This section of the book actually has the least specific information, compared to the first two sections. The reason for that is that opporuntities begin multiplying for someone that has built their first several hundred thousand dollars in net worth, lives a low cost lifestyle, and feels that they could confidently make it for five years, a decade, or more without wage paying work. One can easily purchase rental properties, buy a small business, spend a few years bootstrapping a startup, angel invest, or myriad other creative strategies. The possibilities are far greater and more realistic for folks like you with several hundred thousand dollars in real net worth, and the ability to easily get by on a decade or more without wage paying work.

      Of course, they can also just continue to apply the system of saving, earning, and investing, and grind it out to financial freedom over a modest number of years, keeping their assets deployed and working for them.

      If you are able to buy a few houses, house-hack, and/or cut down on transportation costs, then I’d argue that you are well on your way to financial freedom, and assuming that you throw a solid income into the mix, should be able to complete the journey in much less than ten years.

      For example, if you can save $50,000 per year and invest it, which you should be able to with a solid income, a few houses, and low expenses, you stand an excellent chance at building up $750,000 in additional wealth over the course of a decade. Much more if you are able to maintain some hard work, self manage your properties, and get a few raises or new income opportunities.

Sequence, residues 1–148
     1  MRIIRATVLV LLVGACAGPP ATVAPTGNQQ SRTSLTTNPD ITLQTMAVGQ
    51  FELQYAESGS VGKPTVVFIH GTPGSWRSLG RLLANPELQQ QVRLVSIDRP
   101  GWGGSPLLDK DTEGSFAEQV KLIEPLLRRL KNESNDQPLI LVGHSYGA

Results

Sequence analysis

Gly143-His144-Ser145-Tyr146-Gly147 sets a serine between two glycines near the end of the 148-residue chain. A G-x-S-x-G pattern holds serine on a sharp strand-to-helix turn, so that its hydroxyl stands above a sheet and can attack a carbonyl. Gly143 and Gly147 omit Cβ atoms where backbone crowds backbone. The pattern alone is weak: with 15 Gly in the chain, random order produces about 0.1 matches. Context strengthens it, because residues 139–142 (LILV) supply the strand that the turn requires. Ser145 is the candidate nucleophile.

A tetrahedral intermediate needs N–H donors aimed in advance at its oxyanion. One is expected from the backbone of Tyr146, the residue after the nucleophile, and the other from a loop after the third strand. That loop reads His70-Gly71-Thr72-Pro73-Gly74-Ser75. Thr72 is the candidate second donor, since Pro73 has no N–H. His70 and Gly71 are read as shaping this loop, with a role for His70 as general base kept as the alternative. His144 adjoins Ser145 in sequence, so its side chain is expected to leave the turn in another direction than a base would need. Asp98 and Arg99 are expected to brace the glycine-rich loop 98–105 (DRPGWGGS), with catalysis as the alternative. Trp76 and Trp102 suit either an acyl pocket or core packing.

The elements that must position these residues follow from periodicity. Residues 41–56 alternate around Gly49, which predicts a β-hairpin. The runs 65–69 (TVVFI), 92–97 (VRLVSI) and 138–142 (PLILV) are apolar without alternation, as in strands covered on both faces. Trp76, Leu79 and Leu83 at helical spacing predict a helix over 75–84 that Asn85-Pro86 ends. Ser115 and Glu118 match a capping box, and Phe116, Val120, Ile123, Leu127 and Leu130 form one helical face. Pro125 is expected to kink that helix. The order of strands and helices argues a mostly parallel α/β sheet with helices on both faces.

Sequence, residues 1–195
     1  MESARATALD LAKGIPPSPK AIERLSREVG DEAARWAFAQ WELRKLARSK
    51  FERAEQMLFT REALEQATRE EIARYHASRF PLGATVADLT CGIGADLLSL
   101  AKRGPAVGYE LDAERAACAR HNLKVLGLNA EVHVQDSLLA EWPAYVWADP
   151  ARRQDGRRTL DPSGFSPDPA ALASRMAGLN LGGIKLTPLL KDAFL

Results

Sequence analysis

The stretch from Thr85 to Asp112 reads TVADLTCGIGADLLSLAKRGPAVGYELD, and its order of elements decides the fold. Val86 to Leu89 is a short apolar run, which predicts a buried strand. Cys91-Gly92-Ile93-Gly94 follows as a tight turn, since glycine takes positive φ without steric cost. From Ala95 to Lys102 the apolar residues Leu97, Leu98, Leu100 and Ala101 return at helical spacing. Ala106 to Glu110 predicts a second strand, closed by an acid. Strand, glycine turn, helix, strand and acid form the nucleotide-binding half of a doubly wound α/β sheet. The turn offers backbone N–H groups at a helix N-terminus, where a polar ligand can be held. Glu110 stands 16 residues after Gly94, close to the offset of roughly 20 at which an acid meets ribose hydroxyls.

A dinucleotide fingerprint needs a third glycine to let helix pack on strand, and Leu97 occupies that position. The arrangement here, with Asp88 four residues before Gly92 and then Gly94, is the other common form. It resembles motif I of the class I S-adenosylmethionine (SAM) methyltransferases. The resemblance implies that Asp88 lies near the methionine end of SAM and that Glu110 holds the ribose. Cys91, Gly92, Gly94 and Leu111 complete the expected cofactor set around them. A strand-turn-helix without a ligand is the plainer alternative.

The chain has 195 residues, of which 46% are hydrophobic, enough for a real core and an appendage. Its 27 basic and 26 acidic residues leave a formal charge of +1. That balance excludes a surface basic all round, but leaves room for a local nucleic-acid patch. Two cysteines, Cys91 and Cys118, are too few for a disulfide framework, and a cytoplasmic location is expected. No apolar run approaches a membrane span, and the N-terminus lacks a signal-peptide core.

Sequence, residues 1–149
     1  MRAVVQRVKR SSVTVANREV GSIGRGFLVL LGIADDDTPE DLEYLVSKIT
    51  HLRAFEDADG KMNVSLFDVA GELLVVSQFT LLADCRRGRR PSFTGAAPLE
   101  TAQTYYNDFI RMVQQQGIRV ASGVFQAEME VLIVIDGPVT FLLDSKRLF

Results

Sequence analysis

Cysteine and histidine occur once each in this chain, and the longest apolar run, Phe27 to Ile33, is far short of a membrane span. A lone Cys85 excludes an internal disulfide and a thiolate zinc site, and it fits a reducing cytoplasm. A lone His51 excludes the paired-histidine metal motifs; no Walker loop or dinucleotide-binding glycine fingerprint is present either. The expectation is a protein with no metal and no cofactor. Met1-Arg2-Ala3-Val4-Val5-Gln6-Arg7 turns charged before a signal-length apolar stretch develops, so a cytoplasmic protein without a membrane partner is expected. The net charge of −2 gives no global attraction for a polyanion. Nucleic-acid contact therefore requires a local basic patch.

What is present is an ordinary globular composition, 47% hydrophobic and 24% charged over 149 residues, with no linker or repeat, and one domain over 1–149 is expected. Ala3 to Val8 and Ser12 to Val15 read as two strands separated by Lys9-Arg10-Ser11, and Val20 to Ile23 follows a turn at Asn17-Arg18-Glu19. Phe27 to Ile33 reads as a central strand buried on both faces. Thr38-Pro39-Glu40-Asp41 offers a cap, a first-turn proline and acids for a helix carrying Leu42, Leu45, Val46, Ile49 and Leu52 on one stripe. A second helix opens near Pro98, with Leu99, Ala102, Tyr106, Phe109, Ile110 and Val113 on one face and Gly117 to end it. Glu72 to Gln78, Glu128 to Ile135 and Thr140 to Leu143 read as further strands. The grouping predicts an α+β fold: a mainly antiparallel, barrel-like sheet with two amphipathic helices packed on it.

2. dhermesh patel

    Hi, I’m very interested in this book but not sure if this is more targeted towards the US market, I am currently in New Zealand but just a little worried that the book would not relate to me? We do have similar retirement saving programs like the 401k and currently on the tail end of a property boom.

    • Scott Trench

      Dhermesh – while there the book was definitely written with an American audience in mind, I suspect that the principles apply regardless of your homeland. Make sure to tweak the numbers and substitute 401(k) and such for the applicable versions in NZ.

  3. Italo Medina

    I guess that the general principles are applicable to any economy/region.
    Regarding the specific strategies, I’d say that the reader must adapt them to her personal circumstances (something that, probably, US audience also will need to do to some extent).

    Scott , congratulations for the book.
    I’m genuinely interested in the topic & willing to explore new approaches.

  4. Do you have kids? I’m wondering how this would apply to my small but growing family (currently two kids) — i.e. going without a car is not an option; moving into less expensive neighborhood means sacrificing quality of schools — those kinds of questions crop up as I consider if your book (which sounds awesome) is appropriate for me/my lifestage.

    • Scott Trench

      Tessa – I do not have kids. I do specifically address the question of schools in the book, however. The point is, however you do it, you will have to figure out a way to live for low cost, expose yourself to income opportunity, and invest in and build real wealth.

  5. sergio avina

    Hey Scott — is the book mostly geared toward an audience making $50-100k/annually? Wonder if the book was meant for me 5-7 years ago. I now make over $100k/annually in the W-2 job. How beneficial might it be for me? I do admit I need help with cutting down discretionary expenses & saving more…